utterly fails to make up for the significant harm to listed and
non-listed fish caused by cutting spill. BPA's proposed offsets
are a mix of actions that are already required to meet legal
mandates and would occur anyway regardless of this proposal, and
other actions that are highly uncertain to succeed.

* In the absence of stronger measures to recover salmon, any
reduction in summer spill is too much. The current state of
Northwest salmon recovery is not good, even without cutting
summer spill. This dangerous proposal comes on the heels of a
series of other Bush Administration moves that could spell doom
for Northwest salmon, including a dangerous new policy to count
hatchery-raised salmon as equal to wild salmon. The Bush
Administration is now re-writing it's already-invalidated
Columbia and Snake River Salmon Plan, and cutting summer spill
(among other things) significantly lowers the bar for salmon

* Cutting spill in 2001 is proving to be deadly for salmon; BPA
needs to learn from its past mistakes. In the face of sky-high
energy prices and a drought in 2001, BPA made an ill-fated
decision to eliminate spill that year. At the time, salmon
biologists noted that cutting spill, along with drought
conditions, resulted in the deadliest young salmon migration in
at least a decade. The surviving fish that migrated to the ocean
in 2001 are just now returning to the rivers of the Northwest as
adults to spawn. From the adult returns to-date, it appears that
BPA's actions in 2001 took a toll on salmon returns. With 2004
shaping up to be another poor water year, cutting spill again
would be foolish.


The Bonneville Power Administration's just-released decision on
summer spill will eliminate one of the few remaining effective
measures in the Columbia River Basin to protect salmon and
steelhead: spilling water at the dams so that young fish can
successfully make their journey to the ocean without being
killed in turbines or having to endure a truck ride around the
dam. Why? Because BPA can make money by breaking its promises to
protect these fish.

This is the latest chapter in the sad and tragic story of how
the Columbia River has been reduced from the wild and mighty
artery of the Northwest to a polluted series of slack-water
pools. More importantly, the administration's actions ignore the
win-win solutions that would revitalize our communities and
diversify our economy. When our government leaders converted the
free-flowing Columbia into a series of hydroelectric generating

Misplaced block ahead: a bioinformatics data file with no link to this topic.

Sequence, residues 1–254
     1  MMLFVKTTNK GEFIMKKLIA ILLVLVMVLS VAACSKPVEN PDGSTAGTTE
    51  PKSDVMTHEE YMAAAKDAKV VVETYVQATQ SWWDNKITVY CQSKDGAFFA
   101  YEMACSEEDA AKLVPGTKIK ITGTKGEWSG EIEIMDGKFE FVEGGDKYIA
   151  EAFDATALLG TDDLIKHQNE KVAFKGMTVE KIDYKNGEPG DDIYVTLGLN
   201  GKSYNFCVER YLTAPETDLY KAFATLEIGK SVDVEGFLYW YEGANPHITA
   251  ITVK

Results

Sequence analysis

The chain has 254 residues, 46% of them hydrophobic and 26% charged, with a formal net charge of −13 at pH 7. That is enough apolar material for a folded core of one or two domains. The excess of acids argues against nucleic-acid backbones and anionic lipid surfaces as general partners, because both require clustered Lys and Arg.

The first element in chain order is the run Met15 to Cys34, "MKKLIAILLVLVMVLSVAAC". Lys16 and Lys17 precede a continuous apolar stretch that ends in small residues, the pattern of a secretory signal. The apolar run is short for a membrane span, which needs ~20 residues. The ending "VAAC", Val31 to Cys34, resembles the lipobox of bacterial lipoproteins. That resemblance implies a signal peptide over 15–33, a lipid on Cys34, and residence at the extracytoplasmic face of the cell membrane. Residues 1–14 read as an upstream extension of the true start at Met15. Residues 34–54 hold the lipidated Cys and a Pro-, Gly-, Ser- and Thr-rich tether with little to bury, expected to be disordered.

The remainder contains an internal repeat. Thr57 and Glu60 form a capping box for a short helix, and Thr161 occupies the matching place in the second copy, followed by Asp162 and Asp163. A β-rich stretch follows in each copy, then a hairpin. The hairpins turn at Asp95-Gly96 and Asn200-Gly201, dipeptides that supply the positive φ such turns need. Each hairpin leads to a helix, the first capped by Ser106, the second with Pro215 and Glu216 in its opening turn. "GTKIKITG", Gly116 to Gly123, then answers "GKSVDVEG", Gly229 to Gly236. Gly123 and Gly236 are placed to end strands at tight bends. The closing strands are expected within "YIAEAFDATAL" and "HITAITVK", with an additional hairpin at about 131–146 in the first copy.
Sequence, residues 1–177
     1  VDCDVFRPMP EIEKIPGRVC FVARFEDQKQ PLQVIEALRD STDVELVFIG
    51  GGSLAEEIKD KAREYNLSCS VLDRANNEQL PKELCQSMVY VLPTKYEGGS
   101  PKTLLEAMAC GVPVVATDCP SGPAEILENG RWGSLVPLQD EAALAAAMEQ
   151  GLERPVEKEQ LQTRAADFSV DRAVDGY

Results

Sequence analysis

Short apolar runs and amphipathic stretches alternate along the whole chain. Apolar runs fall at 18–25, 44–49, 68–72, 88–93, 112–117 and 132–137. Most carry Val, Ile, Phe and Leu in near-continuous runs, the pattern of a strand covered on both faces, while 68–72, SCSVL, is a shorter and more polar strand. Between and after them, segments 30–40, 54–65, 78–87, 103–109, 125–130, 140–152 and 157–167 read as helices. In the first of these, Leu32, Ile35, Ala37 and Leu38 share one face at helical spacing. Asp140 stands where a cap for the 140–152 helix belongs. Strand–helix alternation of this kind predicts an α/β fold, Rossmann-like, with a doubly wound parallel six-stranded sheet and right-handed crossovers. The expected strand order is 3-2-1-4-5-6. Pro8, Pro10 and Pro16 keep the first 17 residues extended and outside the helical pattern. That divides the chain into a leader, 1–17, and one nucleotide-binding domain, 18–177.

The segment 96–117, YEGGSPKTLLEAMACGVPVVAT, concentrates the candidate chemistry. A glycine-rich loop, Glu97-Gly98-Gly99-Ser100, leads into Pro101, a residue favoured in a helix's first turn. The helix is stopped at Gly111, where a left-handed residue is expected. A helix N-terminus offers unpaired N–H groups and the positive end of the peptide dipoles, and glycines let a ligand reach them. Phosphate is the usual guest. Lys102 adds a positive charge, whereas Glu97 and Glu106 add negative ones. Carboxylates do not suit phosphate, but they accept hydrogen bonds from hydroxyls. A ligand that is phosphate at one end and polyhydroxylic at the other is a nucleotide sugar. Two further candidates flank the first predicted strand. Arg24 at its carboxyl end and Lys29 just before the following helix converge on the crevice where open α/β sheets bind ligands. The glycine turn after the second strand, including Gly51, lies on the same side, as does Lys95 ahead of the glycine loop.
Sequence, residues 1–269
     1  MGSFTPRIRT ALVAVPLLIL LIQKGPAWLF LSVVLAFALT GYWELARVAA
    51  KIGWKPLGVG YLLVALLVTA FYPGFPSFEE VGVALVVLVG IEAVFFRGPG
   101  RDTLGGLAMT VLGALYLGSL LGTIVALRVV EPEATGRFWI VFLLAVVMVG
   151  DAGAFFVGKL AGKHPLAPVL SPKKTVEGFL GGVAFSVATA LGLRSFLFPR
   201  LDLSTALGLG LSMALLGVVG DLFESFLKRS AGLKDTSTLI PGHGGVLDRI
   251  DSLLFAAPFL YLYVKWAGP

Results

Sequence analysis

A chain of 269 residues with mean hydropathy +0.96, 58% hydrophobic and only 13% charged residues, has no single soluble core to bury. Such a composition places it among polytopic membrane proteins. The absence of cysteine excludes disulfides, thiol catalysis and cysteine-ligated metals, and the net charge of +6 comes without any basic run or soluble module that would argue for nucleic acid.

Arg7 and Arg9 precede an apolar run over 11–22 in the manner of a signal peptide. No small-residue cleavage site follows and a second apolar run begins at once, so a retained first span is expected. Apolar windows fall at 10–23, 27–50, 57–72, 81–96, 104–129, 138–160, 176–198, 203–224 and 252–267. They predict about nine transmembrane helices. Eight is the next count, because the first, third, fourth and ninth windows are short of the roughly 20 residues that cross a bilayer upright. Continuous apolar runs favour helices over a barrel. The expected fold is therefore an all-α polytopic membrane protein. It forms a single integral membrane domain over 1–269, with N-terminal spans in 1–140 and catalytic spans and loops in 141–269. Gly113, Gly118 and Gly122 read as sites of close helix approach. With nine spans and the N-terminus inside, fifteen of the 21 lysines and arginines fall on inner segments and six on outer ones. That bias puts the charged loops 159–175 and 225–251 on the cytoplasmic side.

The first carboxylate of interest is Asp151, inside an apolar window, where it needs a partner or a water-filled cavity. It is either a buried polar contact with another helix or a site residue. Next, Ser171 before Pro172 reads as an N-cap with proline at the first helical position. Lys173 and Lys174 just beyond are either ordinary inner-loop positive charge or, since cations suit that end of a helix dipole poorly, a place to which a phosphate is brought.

facilities, they made a bargain with the public, fishermen and
the Indian tribes that relied on salmon for their very survival
-- to operate those dams in ways that would maintain a healthy
fish population. Because juvenile salmon making their way to the
Pacific Ocean don't survive the trip through the turbines very
well, and because other efforts to help fish migrate have failed
(such as putting them in barges and trucks and giving them a
lift to the ocean), the preferred approach has long been
bypassing the turbines by spilling water at the dams in the
spring and summer when young fish are making this journey.

Now, however, the administration will virtually eliminate summer
spill, saying it "costs" too much. That's absurd. Spill doesn't
cost anyone a dime. Rather, it's a potential profit that is not
being generated. To generate that profit, though, would be
illegal -- it would violate laws like the Endangered Species Act
and treaties signed with Indian tribes. It's as if someone were
complaining that laws prohibiting them from selling stolen cars
"costs" them thousands of dollars. You never hear the government
say that it costs them money when farmers take water out of the
river for irrigation, water that would otherwise be available to
generate power.

Why the disparate treatment? Last spring, a federal judge ruled
that the government's salmon recovery plan for the Columbia was
illegal. He concluded that the measures in the plan were too
uncertain to satisfy the law and mitigate the damage done by the
hydro system. The judge gave the Bush administration one year to
come up with a new plan that does more to facilitate fish
survival. Amazingly, they're turning that ruling on its head by
proposing to do even less for fish this summer by eliminating
spill. In this year of low water flows and high river
temperatures, salmon need spill more than ever. By ignoring this
reality, BPA has disregarded the hugely positive economic impact
spill has on fishing communities and is letting politics rather
than science drive its decision.

The damage to salmon of stopping spill is well documented.
During the 2001 drought, BPA eliminated spill on the Columbia
and Snake rivers to maximize hydroelectric generation. This
caused the deadliest juvenile salmon migration since the fish
were listed under the Endangered Species Act. Now, these salmon
are returning as adults, and early figures seem to show that the
2001 spill reduction and drought had an impact on adult returns.
Low returns of salmon that migrated downriver in 2001 are a
major reason salmon returns so far this year are 44 percent
below what was expected. After decades of hand-wringing,
countless scientific studies, endless policy meetings and a
series of court orders, we're largely in the same place that we
started. Dollars come first, and keeping promises to leave a few
fish in the river is an afterthought.

When will the millions of people who have invested billions of
taxpayer and ratepayer dollars toward salmon recovery be heard
above the din of profiteers rushing to the bank? Larry Schweiger
is president and CEO of the National Wildlife Federation, based
in Washington, D.C.